Bob Dylan – Ain’t Talkin’ In Boston [ Stringman Records SR 107 – 108 ] CDR
Bob Dylan “Ain’t Talkin’ In Boston” [ Stringman Records SR-107-108 ] CDR.
Wang Theatre, Boston, MA. November 14, 2009
Disk 1 : Cat’s In The Well / Lay, Lady, Lay / Most Likely You Go Your Way ( And I’ll Go Mine ) / My Wife’s Home Town / The Lonesome Death of Hattie Carroll / Cold Irons Bound / Every Grain Of Sand / Spirit On The Water / Ballad Of Hollis Brown / When The Deal Goes Down / Highway 61 Revisited [ 69:12 ] Disk 2 : Ain’t Talkin’ / Thunder On The Mountain / Ballad Of A Thin Man / Like A Rolling Stone / Band Intros / Jolene / All Along the Watchtower [ 40:43 ]
Concert 2199 of Dylan’s never ending tour took place at the Wang Theatre, Boston, MA. The 2nd of a short residency of 3 nights. The Stringman Records have once again done their duty and found the best tape available to present to us over 2 pro – CDRs.
Once again it’s a great show that, if the makers were confident enough, would have made a brilliant silver disk CD set but as Dylan descends in to his loop of the never-changing-set-list then some of these pre 2010 shows should really get the solid treatment they deserve.
The show begins with the usual opening introduction by Dylan’s road manager that melds with the equipment test for the warm up song “Cats In The Well”. A great rendition that has the band on their uppers from the start. It’s from here on in that we know we’re getting an enthusiastic show. Maybe it’s reflected from the audience or the recording has an ambience that fizzes but something is going down tonight and it’s a great strength that is missing from the reservation of some quieter Dylan recordings.
“Lay, Lady Lay” isn’t the roll-over, smooth, drift but an upbeat prowl as Dylan sings to his intended in a fashion that implies that tenderness is not so much in mind than a good, old-fashioned pillow fight.
On to “Most Likely You go your Way .. ” and it buzzes with enthusiasm. Dylan howls, drawls and unleashes his words across the clatter. It’s mesmerizing to hear how he would shoot out the lyrics to this song but now involves himself much more throughly.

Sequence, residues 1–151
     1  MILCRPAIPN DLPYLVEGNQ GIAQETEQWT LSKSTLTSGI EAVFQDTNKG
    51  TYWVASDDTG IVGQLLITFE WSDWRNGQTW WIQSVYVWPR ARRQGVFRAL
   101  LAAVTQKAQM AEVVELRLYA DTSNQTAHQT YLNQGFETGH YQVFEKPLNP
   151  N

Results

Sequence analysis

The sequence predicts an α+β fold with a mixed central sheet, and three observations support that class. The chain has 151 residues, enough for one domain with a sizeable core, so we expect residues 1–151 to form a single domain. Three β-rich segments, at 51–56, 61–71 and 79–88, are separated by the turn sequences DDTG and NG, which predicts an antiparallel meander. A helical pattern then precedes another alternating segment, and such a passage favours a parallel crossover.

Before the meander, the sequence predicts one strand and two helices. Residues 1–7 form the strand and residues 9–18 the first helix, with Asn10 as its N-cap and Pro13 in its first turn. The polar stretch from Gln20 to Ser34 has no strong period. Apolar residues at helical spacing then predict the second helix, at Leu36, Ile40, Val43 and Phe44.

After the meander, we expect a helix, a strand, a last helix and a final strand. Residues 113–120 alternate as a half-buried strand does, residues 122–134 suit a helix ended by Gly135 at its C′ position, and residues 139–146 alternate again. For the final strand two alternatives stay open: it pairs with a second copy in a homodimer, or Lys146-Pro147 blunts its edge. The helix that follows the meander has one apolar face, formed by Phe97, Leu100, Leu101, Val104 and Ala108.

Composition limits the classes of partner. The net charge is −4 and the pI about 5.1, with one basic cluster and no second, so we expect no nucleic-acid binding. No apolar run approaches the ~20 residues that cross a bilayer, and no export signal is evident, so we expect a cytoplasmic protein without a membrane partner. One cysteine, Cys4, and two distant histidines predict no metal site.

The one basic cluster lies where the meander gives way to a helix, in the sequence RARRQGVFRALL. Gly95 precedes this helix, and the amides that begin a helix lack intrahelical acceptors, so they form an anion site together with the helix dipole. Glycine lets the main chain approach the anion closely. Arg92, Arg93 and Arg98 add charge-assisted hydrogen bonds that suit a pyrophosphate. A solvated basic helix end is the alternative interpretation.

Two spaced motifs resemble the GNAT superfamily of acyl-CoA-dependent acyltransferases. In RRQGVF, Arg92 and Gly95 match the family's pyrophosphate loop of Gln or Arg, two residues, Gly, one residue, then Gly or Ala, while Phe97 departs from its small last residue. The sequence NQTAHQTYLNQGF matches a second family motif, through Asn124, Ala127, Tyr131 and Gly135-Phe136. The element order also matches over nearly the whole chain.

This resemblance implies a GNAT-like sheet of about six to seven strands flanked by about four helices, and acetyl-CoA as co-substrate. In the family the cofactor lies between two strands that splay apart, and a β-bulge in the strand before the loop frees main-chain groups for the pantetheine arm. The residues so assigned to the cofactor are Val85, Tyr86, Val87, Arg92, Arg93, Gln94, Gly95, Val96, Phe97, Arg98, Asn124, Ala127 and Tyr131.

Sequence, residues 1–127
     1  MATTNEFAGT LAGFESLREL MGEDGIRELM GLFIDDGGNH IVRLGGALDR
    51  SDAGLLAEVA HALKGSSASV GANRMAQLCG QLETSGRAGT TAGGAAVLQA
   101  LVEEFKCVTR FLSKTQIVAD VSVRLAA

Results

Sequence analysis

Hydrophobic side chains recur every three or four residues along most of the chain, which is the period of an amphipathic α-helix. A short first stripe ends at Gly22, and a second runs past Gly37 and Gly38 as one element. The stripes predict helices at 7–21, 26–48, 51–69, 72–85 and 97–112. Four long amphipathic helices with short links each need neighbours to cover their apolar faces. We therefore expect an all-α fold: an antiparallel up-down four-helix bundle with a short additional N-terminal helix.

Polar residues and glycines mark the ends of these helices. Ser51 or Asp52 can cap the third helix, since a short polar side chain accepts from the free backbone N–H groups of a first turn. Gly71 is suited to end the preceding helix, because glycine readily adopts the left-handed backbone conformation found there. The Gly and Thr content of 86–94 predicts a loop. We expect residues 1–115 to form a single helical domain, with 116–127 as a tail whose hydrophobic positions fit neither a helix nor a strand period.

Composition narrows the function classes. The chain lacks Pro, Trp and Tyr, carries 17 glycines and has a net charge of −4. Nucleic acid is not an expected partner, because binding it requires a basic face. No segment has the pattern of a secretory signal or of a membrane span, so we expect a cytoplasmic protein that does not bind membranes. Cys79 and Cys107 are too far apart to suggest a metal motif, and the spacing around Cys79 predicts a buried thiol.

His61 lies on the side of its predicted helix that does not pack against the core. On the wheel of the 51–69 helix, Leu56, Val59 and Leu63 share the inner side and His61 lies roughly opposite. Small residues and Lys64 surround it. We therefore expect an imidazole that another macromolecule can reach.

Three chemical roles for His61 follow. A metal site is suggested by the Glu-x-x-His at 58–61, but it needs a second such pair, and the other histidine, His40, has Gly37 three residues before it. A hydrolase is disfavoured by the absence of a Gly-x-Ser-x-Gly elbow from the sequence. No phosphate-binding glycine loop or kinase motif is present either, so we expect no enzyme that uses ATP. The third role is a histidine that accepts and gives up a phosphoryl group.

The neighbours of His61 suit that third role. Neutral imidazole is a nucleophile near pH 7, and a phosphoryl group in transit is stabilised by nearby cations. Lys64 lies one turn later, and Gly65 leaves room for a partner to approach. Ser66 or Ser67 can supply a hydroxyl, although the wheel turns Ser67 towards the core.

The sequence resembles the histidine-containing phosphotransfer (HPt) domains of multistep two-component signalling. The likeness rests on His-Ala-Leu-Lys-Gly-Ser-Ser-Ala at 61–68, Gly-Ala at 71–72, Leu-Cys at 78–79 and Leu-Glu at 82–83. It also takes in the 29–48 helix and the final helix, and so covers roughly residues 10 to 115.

The first track from ‘Together Through Life’ plays true to itself o “My Wife’s Home Town” when Bob sounds given to his fate. The song slides, slouches and grumps through – that might sound like a sleight but it isn’t – it fits the mood like a glove.
Bearing in mind the way things have been going tonight then “Cold Irons Bound”, a regular ten ton truck through paper walls should hit the spot perfectly and it’s a relief to find out that that it does. Deep, breathy, and with the impact of a grand piano on a pavement the drum crashes ball their way through to the middle of your mind. Things shift on a gear once Dylan grabs his harp and wheezily pours notes among the melee to grand appreciation.
“Every Grain Of Sand” and “Spirit on The Water” slow the program right down in preparation of “The Ballad Of Hollis Brown”. Another slower number but rather than perky slow, it’s pindrop deathlessness quietens the crowd and holds them rapt in attention.
“Highway 61 Revisited” wordlessly storms on to set and it sounds like it also surprises Dylan who spits out the words a measure early but then makes it seem like a constructed mistake by delivering his words piecemeal around the song. Stopping and starting where he chooses to play around, flinging lyrics about like confetti. A play off between organ and guitar spreads the instrumental break beyond it’s natural timing but it’s fun to hear the band mess about for nothing more than satisfaction leaving us with a monolithic 7 minute version of the 60’s hit.
“Love Sick” isn’t played tonight but it’s nearest relative is and “Ain’t Talkin'” serves very well as a suitable, second suggestion.
A brutal “Ballad Of A Thin Man” is positively perfect – The band go for it when required and add little details to keep interest. The second pass at an harmonica solo is a little less ruthless than the first but makes for a brilliantly subtle ending.
To send the show on it’s way we’re treated to a popular present and past double up – “Jolene” and “All Along The Watchtower”. The former gets a chuckle out of Dylan as if he’s just found amusement in his own lyrics and, maybe because the tour is about to wrap up for the year, the latter reminds you that you’ve just seen one of the better Dylan shows of the past few years as “Watchtower” storms off of the stage, punches you in the chest, grabs your beer and then steals your girlfriend. It’s just one of those performances.
It has been said often and most times it’s true but this show deserves a solid listening to. Just a shame it’s on CDR.